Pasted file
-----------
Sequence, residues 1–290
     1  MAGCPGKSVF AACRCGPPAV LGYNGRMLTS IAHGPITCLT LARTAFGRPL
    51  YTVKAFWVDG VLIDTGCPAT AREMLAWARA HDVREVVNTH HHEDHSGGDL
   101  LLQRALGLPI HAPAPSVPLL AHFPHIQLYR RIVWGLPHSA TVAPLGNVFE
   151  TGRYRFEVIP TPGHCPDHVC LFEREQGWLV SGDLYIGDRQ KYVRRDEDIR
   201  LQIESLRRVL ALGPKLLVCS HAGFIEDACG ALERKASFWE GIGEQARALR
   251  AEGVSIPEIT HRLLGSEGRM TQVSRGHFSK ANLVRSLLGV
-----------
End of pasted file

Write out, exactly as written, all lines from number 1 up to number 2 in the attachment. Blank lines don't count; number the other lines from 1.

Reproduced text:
Sequence, residues 1–290
     1  MAGCPGKSVF AACRCGPPAV LGYNGRMLTS IAHGPITCLT LARTAFGRPL